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My OG is never as "advertised"

I’m a newbie, and have brewed three batches so far:

American Rye - OG suppose to be 1.042 - mine: 1.020
Caribou Slobber - OG suppose to be 1.052 - mine: 1.042
Houblonmonstre Tripel IPA - OG suppose to be 1.082 - mine 1.070

The first one was so far off I did it like 2-3 times each the 2nd and 3rd time. Each time I spun the hydrometer to make sure the bubbles weren’t holding it up, then I took the reading right below the little bubbles at the top of the wort in the test jar.

Is this “normal” or am I doing something wrong?

Thanks,
Dave

All grain or extract? Did you temperature correct your readings?

Are they extract partial boils, topping off with water?

If so, your top off water is probably not thoroughly mixed.

All three were extracts, and I have no idea what you mean by “temperature correct” - so I’m guessing that very well could be it. Guess I have some “learning” to do - thanks much guys!

:cheers:

Because it’s so much lower would suggest that you might be adding too much top off water. That can make a big diff in getting a lower O.G. That was my first thought.

[quote=“Old Guy”]Because it’s so much lower would suggest that you might be adding too much top off water. That can make a big diff in getting a lower O.G. That was my first thought.[/quote

Even with the right amount, it’s VERY hard to get it mixed thoroughly enough to get an accurate reading. If the OP used all the ingredients and ended up with the correct volume, he HAD to get the correct OG, no matter what the reading.

[quote=“Denny”][quote=“Old Guy”]Because it’s so much lower would suggest that you might be adding too much top off water. That can make a big diff in getting a lower O.G. That was my first thought.[/quote

Even with the right amount, it’s VERY hard to get it mixed thoroughly enough to get an accurate reading. If the OP used all the ingredients and ended up with the correct volume, he HAD to get the correct OG, no matter what the reading.[/quote][/quote]

That’s what I was thinking - if all of the ingredients in any recipe is equal to a certain gravity, then no matter what - it should always be that gravity. Maybe a ± .002 or something, but…

I do remember that I aerated the wort before I took the gravity, so it should have all been mixed good.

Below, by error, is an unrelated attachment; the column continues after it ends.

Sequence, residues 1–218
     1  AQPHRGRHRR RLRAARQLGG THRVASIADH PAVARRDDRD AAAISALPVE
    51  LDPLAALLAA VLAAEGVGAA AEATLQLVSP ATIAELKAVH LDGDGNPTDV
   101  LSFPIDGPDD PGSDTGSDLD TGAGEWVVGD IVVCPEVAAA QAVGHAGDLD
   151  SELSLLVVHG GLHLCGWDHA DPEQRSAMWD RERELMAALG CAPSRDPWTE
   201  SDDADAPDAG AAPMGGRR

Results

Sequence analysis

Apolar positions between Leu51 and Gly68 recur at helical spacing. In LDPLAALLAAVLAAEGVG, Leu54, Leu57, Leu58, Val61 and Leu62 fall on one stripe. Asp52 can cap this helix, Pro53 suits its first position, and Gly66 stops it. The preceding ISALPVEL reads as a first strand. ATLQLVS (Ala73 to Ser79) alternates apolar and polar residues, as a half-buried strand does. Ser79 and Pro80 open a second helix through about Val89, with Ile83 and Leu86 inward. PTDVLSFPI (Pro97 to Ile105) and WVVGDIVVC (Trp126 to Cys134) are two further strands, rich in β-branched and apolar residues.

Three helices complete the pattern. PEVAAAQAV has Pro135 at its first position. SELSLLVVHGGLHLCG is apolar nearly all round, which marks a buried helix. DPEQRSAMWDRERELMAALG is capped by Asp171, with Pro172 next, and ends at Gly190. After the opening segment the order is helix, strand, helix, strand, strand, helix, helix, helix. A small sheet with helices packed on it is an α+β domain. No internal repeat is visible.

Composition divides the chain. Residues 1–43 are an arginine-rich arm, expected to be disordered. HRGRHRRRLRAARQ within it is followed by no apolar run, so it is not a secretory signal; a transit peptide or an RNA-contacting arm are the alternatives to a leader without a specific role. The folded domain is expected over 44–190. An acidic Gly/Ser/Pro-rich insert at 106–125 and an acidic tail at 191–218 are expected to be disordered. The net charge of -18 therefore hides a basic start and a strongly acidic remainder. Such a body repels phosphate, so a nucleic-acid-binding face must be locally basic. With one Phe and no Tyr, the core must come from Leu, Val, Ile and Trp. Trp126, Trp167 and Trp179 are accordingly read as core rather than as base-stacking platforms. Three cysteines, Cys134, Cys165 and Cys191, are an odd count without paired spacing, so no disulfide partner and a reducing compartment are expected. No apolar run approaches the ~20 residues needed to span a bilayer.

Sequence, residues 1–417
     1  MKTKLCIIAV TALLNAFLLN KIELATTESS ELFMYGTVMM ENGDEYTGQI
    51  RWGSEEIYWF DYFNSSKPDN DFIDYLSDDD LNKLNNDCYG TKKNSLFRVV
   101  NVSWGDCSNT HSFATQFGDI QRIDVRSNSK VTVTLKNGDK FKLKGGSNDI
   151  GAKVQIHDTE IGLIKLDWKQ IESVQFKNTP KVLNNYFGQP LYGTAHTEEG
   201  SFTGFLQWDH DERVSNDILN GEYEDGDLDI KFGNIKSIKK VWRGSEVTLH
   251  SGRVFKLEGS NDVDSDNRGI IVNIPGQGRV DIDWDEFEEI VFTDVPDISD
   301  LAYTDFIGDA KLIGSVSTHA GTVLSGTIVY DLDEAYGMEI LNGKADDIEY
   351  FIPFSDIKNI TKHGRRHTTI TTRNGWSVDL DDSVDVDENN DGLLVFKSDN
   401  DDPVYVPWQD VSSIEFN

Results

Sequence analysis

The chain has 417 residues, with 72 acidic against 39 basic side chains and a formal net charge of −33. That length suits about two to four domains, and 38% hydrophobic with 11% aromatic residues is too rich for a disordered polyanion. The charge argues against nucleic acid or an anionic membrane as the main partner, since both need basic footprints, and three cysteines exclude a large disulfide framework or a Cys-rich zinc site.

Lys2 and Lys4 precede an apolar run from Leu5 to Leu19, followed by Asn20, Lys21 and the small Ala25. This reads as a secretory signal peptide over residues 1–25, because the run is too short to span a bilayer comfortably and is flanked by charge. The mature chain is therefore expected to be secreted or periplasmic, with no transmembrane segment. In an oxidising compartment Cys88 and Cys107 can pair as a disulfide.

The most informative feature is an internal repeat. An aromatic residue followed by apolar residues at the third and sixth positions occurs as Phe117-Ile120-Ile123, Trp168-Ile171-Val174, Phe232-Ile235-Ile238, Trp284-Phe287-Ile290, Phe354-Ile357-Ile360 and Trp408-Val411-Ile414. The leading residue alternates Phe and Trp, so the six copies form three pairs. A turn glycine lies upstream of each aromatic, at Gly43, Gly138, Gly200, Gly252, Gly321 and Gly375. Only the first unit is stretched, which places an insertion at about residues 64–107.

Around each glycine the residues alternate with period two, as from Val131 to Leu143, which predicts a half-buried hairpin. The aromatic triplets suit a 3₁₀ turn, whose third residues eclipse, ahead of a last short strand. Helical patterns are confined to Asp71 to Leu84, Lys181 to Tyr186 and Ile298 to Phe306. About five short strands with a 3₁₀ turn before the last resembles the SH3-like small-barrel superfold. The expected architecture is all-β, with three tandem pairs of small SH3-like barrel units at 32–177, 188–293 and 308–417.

Unless of course you spilled or left a bunch of wort in the kettle.

[quote=“db297”]All three were extracts, and I have no idea what you mean by “temperature correct” - so I’m guessing that very well could be it. Guess I have some “learning” to do - thanks much guys!

:cheers: [/quote]

Specific gravity measurements are temperature dependent. Here is a link to some information:

http://www.davesdreaded.com/homebrew-calculator/

If you’re measuring gravity hot or warm, your readings will be WAY off, unless you know the magical correction factors for your particular temperature. I bet that’s the whole issue.

Another obvious cause could be your bucket’s volume measurements. Trusting the bucket can throw off your top-off volume. Mine were off by about a quart. Pour in a gallon of tap water and see if it hits the bucket’s 1 gallon mark. Then 2 gallons…

Also, I’ve heard the paper inside the hydrometer can slip. Distilled water should read 1.000 at your meter’s calibration temperature. Tap water should still be pretty close too, but distilled is really correct.

I finally figured out the issue - the markings on the container I was using do not mean what I thought they meant. I use a big pitcher that came with my Mr. Coffee iced tea maker. It has 1, 2 & 3 quart measurements on it - that’s how I fill everything. Well, found out those 1,2 & 3 quart markings are meant for something else - the 3 qt marking is actually one full gallon - so I was always putting extra water in. Mystery solved.

I literally put 16 cups of water in the pitcher and it came exactly to the 3 quart line.

Just brewed the Megalodon Imperial Red Ale and got exactly 1.090 - just what it’s suppose to be.

Cool.

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